Yankees third baseman Alex Rodriguez talks with manager Joe Girardi...

Yankees third baseman Alex Rodriguez talks with manager Joe Girardi while fielding balls at practice during spring training at George Steinbrenner Field in Tampa, Fla., on March 1, 2015. Credit: Newsday / J. Conrad Williams Jr.

In his first news conference of the spring, Joe Girardi said Alex Rodriguez would have to "earn'' his playing time for the regular season.

Girardi was asked Tuesday if he had seen enough from the 39-year-old at the plate to "pencil'' A-Rod in as the everyday designated hitter. Girardi said it was too soon to say, even with less than two weeks left of spring training.

"I still think you have to look at the last 10 days and where guys are at,'' Girardi said before the Yankees rallied to beat the Tigers, 9-8, Tuesday night. Ramon Flores hit a walk-off, three-run homer to cap a comeback from an 8-2, seventh-inning deficit.

Rodriguez went 1-for-2 and is hitting .286 with a .393 on-base percentage, two home runs and three RBIs. The Yankees have 10 games left in spring training, including a split-squad game.

"I just think his at-bats are more consistent, his timing is more consistent,'' Girardi said, comparing him to his first games here. "I definitely think he's swung the bat pretty good.''

Rodriguez walked against Anibal Sanchez in the second inning, bounced to third in the fourth and singled to left off Angel Nesbitt in the sixth.

On Feb. 20, the day before the first full-squad workout, Girardi said: "He's on our roster, but I think you have to prove yourself in a sense for playing time and how you fit in because we really haven't seen him play in two years. We don't know exactly where he's at, so that's something he has to prove and earn.''

Opposing teams' scouts have given Rodriguez's hitting mostly negative reviews.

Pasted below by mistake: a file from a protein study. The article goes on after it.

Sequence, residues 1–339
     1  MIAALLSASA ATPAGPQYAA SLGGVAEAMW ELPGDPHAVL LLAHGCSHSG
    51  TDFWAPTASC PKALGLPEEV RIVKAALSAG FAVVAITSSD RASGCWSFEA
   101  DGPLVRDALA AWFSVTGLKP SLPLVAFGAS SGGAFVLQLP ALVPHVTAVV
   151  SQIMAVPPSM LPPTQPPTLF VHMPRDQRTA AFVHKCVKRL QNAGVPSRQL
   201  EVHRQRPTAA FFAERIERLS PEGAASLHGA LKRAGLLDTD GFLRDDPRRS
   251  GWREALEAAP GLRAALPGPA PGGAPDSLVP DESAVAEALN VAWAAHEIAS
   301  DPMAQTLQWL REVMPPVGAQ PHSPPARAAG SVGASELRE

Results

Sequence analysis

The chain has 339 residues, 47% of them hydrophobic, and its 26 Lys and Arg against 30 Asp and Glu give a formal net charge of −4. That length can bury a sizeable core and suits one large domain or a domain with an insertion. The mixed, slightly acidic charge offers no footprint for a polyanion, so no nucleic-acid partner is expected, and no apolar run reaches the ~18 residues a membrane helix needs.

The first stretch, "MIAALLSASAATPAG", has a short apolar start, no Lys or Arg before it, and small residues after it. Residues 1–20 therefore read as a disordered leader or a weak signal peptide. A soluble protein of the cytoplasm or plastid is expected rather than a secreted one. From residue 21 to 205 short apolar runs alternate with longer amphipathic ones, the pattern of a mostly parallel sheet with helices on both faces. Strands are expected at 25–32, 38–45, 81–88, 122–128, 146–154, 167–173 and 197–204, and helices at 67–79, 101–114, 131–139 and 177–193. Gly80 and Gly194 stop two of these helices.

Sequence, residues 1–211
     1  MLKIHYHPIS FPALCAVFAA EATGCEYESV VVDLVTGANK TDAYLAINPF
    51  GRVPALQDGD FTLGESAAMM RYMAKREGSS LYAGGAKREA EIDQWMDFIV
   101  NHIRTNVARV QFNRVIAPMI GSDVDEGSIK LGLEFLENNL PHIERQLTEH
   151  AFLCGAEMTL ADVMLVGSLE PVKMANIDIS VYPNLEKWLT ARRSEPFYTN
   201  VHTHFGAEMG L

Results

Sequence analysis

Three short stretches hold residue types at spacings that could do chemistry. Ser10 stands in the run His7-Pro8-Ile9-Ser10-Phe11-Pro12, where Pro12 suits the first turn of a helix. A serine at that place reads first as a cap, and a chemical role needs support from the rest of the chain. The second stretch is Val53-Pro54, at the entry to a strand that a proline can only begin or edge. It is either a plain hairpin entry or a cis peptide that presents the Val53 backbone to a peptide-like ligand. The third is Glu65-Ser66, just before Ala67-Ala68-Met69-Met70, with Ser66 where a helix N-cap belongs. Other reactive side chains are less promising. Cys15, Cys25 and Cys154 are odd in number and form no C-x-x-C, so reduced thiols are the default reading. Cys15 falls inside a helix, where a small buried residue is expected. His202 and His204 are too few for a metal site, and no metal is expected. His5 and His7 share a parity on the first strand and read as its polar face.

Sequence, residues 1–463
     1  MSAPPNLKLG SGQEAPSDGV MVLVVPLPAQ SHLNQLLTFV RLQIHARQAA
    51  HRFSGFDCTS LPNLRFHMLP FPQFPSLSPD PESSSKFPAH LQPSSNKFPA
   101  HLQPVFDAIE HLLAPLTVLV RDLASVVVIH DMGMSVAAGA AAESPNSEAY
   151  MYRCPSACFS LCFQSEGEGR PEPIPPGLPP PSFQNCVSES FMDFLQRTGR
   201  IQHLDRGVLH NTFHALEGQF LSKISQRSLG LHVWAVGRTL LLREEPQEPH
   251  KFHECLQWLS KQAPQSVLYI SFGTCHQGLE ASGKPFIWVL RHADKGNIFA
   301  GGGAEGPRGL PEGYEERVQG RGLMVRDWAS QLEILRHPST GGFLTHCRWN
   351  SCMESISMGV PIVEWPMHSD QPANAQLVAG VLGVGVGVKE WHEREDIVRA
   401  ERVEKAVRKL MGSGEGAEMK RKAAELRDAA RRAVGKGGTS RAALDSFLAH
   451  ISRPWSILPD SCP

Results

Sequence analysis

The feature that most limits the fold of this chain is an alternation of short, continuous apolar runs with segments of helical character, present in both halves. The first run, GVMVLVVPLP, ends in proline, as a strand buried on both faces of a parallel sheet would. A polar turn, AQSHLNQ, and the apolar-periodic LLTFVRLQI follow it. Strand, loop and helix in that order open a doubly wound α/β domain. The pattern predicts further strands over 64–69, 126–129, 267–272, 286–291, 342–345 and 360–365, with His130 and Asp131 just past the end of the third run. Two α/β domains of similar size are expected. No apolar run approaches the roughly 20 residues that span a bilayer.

"He didn't have a very quick bat the last several years to begin with, but it doesn't look slower,'' one AL scout said early in the spring. "Let's see if it gets better with reps. Doubtful, but possible.''

Another AL scout, said before Tuesday night's game, said: "The bat is just so slow. Against any kind of velocity he has almost no chance. He has to guess right.''

Before the game, Girardi said the DH at-bats are going to be spread around, regardless of how A-Rod is performing. "There's a couple of guys that could probably use some DH days,'' he said.

Carlos Beltran, who will be 38 in April, probably will need some days at DH. Mark Teixeira turns 35 in April and has battled nagging injuries. "I think there's going to be plenty of at-bats for everyone,'' Girardi said.

Getting at-bats for Rodriguez, not time in the field, was determined to be the priority from Day 1. He has started three games at third base and hasn't seemed especially impressed with his work there.

"I would say I'm moving as good as you're going to see me move, the days of speed are behind me,'' he said after his second game at third March 14. Girardi said he has seen enough that he'd be comfortable putting A-Rod there when Chase Headley needs a day off.

And although the much-discussed experiment of using Rodriguez at first base appears to have been scuttled, Girardi insisted that isn't the case, all evidence to the contrary.

"I've said all along, the most important thing are at-bats,'' Girardi said. "You're probably going to see him going through some drills at first, and my guess is you're going to see him in a spring training game [at first] before we leave.''

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